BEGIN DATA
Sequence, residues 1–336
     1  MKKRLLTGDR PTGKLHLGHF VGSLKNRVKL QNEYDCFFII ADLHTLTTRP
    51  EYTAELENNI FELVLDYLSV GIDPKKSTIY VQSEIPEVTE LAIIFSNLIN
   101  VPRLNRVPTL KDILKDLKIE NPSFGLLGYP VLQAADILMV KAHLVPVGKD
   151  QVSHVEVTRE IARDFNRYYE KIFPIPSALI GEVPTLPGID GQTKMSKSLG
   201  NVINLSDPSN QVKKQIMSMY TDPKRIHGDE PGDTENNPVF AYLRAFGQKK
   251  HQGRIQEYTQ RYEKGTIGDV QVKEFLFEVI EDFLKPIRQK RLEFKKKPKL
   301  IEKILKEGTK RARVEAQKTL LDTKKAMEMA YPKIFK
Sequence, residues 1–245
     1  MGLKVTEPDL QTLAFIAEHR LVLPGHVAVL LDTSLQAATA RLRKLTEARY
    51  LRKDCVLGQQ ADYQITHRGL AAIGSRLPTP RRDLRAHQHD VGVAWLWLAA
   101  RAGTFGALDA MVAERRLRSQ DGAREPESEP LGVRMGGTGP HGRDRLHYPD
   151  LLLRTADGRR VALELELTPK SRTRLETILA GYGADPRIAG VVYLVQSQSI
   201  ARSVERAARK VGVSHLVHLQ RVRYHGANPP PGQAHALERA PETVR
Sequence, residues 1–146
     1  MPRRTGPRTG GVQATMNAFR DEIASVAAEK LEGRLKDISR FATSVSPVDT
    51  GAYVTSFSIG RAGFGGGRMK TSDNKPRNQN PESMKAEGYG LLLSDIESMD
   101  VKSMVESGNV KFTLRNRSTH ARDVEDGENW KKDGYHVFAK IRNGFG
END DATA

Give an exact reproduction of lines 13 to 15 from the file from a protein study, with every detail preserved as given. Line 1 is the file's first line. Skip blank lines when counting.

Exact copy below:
   151  LLLRTADGRR VALELELTPK SRTRLETILA GYGADPRIAG VVYLVQSQSI
   201  ARSVERAARK VGVSHLVHLQ RVRYHGANPP PGQAHALERA PETVR
Sequence, residues 1–146